9 Surprising Things That Lower Your Breast Cancer Risk

There are a lot of factors you can control to lower your risk. Find out what they are.

By Diana Kelly Levey
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The Secret Weapon in the Fight Against Cancer (3:35)

About 1 in 8 women will develop breast cancer over the course of her lifetime, according to the latest data from BreastCancer.org. That being said, breast cancer incidence rates in the U.S. have been decreasing since 2000. This decrease can most likely be attributed to more research which has helped scientists learn about factors that can increase or decrease a woman’s risk.

Findings have revealed that some habits and lifestyle changes are associated with a lower rate of breast cancer, while other research shows an association between certain lifestyle choices (like when you started a family) and a reduction in breast cancer risk. While you should absolutely talk to your doctor if you have a family history of breast cancer, learn more about changes you can make to help reduce your general risk of developing breast cancer.

Breastfeeding

Research has shown that women who breastfeed greatly lower their risk of developing breast cancer. “Breastfeeding can play a role in breast cancer prevention, but the thought is, generally, the longer that you breastfeed, the greater the protective effect,” says Jennifer Caudle, D.O., Associate Professor, Rowan University School of Osteopathic Medicine. This could be due to the hormonal changes that happen during lactation that delay periods and limit exposure to estrogen, which can promote breast cancer cell growth, according to the experts at MD Anderson.

The Length of Your Pregnancies

This risk is obviously one you can’t have much control over, but a large Danish study (2.3 million women with detailed reproductive history from 1978 to 2014) showed that full-term pregnancies have been found to reduce a woman’s breast cancer risk, according to the research published in the journal Nature last year. When combined with another study, the researchers found that in women who had pregnancies that lasted 34 weeks or more, their breast cancer risk was reduced by 13.6 percent on average. While there isn’t much you can do after the fact about when your babies were born, if you are planning to start a family, some things you can do to help prevent a preterm baby include getting to a healthy weight, reducing stress, quitting smoking, cutting back on drinking alcohol, and getting checked out by your doctor for chronic conditions.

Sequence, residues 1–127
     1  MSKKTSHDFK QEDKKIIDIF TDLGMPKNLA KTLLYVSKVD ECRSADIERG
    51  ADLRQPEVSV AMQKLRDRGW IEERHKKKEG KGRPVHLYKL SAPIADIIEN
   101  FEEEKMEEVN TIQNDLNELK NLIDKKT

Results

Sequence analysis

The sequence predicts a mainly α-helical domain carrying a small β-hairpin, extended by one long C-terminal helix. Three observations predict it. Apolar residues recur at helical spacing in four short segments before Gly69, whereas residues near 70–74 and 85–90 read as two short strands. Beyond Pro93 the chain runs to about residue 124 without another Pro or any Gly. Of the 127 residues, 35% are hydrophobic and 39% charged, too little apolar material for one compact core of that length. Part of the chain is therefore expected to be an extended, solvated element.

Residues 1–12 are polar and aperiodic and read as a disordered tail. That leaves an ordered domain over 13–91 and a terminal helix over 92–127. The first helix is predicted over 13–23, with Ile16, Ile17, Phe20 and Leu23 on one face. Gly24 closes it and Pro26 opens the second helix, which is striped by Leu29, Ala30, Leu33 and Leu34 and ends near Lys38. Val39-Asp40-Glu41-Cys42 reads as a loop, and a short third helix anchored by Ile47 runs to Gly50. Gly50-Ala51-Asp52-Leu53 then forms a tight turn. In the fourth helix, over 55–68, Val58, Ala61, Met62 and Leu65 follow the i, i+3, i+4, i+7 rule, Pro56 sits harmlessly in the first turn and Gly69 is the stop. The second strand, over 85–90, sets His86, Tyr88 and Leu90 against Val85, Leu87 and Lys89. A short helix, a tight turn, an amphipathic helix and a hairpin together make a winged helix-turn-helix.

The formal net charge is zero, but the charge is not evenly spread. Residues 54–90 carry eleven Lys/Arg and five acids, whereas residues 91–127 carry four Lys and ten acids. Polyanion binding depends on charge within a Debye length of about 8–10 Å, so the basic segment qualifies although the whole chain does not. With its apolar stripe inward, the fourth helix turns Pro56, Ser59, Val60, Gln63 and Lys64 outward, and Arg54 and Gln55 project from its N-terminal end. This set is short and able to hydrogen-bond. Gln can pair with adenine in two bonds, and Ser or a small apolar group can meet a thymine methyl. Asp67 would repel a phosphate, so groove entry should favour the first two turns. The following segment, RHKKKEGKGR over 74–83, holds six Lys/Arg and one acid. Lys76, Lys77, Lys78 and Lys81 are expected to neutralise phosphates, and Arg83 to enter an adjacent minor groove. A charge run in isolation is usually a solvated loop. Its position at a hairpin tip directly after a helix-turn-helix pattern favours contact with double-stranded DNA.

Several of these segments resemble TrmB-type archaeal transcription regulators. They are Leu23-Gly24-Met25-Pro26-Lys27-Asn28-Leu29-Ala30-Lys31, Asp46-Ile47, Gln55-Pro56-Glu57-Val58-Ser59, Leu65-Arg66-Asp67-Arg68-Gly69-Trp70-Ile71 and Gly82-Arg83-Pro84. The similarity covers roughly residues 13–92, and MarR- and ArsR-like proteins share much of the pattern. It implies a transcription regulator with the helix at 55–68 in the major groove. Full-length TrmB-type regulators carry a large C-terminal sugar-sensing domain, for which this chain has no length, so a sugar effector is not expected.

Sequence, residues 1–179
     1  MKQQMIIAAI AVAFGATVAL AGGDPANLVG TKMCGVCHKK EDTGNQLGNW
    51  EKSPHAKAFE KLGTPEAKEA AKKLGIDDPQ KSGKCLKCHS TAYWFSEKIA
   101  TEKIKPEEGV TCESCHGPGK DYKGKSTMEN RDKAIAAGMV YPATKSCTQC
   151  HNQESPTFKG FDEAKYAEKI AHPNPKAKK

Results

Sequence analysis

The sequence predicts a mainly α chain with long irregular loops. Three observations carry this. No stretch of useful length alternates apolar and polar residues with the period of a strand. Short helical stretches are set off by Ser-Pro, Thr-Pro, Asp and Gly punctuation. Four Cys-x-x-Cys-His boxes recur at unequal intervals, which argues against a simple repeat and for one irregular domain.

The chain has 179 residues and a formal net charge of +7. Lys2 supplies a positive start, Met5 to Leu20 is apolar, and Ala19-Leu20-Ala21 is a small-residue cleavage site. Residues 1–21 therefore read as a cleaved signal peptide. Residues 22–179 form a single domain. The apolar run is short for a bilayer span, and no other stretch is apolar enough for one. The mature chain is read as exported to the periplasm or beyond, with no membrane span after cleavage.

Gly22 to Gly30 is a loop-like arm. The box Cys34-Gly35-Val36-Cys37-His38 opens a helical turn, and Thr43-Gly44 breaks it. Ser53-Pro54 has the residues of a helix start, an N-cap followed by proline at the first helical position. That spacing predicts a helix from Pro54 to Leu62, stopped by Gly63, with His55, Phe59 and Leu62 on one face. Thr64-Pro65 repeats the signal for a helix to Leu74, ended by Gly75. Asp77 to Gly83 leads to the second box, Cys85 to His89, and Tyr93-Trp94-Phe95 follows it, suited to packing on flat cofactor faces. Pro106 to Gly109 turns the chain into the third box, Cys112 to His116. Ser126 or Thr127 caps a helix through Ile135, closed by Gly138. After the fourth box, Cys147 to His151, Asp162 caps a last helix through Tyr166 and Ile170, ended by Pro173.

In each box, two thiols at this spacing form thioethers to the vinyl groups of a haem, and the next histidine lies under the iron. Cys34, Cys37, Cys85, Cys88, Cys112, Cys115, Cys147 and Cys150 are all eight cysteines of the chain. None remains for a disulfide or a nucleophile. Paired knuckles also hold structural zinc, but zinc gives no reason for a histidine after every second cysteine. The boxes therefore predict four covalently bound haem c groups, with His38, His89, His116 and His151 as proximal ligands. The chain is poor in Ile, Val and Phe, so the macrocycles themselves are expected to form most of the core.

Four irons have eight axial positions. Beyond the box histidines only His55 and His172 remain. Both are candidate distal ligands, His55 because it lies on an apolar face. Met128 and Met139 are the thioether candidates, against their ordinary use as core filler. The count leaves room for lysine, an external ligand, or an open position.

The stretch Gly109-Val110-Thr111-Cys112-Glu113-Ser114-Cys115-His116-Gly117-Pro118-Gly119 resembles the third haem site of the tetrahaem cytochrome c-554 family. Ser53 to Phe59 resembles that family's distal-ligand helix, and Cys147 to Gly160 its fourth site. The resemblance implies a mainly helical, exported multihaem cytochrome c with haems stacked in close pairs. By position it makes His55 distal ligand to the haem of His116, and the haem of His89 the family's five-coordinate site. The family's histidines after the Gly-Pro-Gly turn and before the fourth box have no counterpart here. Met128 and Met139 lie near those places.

Starting Your Family Before You’re 30

This breast cancer reduction factor was also addressed in the same Nature study. Researchers reported that for childbirths before 30 years of age, women’s long-term breast cancer risk was reduced about 5 percent for the first baby, 6.4 percent for the second baby, and 9.4 percent for the third baby. That doesn’t mean that having your children after age 30 is putting you at risk for breast cancer, it’s just noting an association between a reduced risk and the age you give birth.

Being a Morning Person

If you prefer to jump out of bed early in the morning, you could have a 40 percent lower risk of breast cancer than women who stay up late at night, according to research from the University of Bristol. In a study of several hundred thousand women in the U.K., that was presented at the NCRI Cancer Conference in 2018, women who answered questions saying they preferred mornings tended to have a reduced risk of breast cancer over women who had an evening preference.